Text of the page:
Stock Option Trading Series

I’m happy to announce a new series here on Investor Trip that’s dedicated to stock option trading. What inspired me to learn more about option trading was the recent characteristics of the US stock market.

As the Dow Jones passed 13,000 points, I spent more time researching ways to make money from losses in the stock market (aka bearish trends). Investors can profit from downtrends in the stock market using two techniques: shorting stocks and trading put options. Borrowing shares is risky business; stocks options provide ample insurance on your long (or short) term investments.

So throughout the week, we’ll discuss the basic of stock options, bullish and bearish strategies, and techniques that you use on a daily basis. To start off the series, here’s the very basics on the two basic types of options and how they are purchased.

What Are Stock Options

Trading stock options gives you control over a vast amount of shares for a fraction of the cost. Each option is called a contract, and entitles the buyer to 100 shares of the underlying stock. So for every 1 contract, you have the right, but not the obligation, to purchase 100 shares of the underlying stock.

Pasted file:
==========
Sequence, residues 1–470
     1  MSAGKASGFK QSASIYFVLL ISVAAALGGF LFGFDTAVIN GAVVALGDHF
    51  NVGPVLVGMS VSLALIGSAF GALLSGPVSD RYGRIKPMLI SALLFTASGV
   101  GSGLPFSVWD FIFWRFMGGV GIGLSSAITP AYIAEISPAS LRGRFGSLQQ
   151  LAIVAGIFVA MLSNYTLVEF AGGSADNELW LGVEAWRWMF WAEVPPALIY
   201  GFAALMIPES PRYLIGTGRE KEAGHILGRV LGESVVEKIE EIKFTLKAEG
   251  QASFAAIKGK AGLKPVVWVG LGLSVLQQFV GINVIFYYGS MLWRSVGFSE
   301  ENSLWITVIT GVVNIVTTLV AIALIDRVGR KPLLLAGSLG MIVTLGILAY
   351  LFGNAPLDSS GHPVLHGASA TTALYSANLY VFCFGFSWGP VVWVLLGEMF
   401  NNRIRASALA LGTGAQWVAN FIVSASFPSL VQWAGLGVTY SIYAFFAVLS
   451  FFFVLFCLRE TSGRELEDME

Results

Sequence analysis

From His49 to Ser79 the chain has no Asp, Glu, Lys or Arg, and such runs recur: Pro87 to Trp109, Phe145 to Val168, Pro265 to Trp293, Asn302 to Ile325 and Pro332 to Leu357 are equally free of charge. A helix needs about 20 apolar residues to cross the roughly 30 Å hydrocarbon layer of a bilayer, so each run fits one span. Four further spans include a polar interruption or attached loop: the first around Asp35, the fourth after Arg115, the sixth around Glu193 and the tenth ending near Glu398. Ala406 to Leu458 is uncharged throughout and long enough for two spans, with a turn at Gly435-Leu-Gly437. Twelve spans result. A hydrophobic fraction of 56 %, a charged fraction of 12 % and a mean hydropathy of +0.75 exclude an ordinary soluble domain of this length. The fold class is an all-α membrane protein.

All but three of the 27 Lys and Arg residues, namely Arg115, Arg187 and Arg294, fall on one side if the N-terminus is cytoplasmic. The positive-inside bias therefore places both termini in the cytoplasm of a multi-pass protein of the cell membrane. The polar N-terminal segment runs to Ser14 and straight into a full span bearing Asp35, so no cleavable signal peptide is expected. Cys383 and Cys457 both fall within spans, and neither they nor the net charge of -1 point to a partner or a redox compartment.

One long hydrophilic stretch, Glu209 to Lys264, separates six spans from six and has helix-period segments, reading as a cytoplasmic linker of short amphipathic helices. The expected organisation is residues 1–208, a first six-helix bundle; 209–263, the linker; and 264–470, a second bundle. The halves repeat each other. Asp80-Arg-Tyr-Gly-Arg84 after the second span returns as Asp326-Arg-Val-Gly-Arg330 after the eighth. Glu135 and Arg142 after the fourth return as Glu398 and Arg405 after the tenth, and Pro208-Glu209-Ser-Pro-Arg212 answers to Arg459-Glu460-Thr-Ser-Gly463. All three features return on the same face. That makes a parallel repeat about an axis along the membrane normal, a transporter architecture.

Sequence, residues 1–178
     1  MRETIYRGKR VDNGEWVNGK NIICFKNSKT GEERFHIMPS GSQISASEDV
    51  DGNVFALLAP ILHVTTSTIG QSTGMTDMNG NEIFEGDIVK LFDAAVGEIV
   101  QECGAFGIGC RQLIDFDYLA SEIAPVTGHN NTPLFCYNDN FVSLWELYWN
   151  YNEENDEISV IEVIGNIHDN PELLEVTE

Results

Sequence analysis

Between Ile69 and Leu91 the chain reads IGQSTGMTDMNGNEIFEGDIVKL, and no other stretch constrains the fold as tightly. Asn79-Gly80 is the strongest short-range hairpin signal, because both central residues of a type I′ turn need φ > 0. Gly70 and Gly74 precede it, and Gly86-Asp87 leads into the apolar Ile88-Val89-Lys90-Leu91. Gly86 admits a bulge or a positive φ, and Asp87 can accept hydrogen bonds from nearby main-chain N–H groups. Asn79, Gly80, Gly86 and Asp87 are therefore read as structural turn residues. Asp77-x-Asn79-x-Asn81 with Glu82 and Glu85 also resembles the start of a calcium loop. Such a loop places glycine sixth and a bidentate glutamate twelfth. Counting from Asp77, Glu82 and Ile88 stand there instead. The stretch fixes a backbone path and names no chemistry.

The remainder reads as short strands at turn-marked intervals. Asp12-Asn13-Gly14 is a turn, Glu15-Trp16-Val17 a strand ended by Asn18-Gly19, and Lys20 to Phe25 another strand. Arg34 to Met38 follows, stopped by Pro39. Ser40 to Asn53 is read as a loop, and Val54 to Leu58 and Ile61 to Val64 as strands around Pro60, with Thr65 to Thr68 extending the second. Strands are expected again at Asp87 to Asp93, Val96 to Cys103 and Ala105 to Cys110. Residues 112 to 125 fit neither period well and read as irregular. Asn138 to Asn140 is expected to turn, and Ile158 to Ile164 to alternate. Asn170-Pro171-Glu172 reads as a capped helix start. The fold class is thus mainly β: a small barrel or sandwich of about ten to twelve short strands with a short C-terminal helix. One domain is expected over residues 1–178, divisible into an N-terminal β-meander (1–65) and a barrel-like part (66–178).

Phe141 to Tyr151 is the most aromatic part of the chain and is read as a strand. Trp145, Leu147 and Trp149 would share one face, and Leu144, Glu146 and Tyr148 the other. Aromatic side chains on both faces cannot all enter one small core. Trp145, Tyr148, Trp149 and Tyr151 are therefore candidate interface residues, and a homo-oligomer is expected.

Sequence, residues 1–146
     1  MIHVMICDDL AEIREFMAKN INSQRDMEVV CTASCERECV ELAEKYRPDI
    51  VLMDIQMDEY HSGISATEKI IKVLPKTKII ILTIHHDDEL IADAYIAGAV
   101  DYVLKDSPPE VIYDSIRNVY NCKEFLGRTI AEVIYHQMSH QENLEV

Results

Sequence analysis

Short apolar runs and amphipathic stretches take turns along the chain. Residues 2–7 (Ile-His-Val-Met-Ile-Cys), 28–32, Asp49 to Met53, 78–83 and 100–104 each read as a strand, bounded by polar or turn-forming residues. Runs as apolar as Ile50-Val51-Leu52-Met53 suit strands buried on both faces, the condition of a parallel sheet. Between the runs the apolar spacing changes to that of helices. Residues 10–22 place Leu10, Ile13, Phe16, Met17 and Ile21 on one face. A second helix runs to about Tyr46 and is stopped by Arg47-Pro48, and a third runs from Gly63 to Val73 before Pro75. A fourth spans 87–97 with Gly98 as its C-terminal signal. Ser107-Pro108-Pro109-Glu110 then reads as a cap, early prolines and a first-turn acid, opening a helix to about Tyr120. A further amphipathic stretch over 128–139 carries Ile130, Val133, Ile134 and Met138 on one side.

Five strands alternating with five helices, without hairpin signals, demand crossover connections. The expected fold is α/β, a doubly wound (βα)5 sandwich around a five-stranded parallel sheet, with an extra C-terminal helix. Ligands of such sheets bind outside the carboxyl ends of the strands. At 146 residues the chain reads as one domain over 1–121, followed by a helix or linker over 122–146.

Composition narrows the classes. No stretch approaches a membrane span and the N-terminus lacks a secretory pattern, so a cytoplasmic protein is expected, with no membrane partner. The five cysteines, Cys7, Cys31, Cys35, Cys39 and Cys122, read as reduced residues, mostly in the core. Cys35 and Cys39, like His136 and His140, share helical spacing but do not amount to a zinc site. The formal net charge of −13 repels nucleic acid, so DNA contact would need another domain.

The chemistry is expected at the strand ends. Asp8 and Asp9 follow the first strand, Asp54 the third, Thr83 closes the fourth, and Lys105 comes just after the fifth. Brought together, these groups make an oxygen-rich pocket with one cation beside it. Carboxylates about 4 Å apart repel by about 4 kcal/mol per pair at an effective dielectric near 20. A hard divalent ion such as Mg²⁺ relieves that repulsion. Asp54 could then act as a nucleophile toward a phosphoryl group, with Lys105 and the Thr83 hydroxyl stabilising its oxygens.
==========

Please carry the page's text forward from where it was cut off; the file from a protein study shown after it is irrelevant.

Options trade as related symbols to the stocks they control. For example, Countrywide Financial trades under CFC, and Countrywide Financial $30 strike puts trade under CFC QF. Most options incorporate the symbol of the underlying stock, along with additional letters for identification purchases.

Types of Options: Calls and Puts

There are two types of stock options:

  • calls
  • puts

Calls are bullish trading options that you can buy or sell (write) in the options market. You purchase calls when you believe the underlying stock is rising in value.

Puts are bearish trading options that you buy or sell in the options market. You purchase puts when you feel the underlying stock is declining in value.

What Are Strike Prices

A strike price is like a water market in a bucket. It’s a fixed price level on the underlying stock. So if you bought 1 option contract of MSFT at a strike price of $30, you have the option to purchase shares of MSFT at $30 a share. The strike price also determines the value of the stock option. Depending on whether you trade calls or puts, the strike price determines whether your options are ITM (In-The-Money), ATM (at-the money), or OTM (out-the money).

More Lessons in this series:

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Editorial Staff

Tarik Pierce is the founder of and regularly contributes articles to this website. He studied Economics at Dartmouth College and invests in a mix of dividend stocks, high CAGR tech stocks & cryptocurrencies.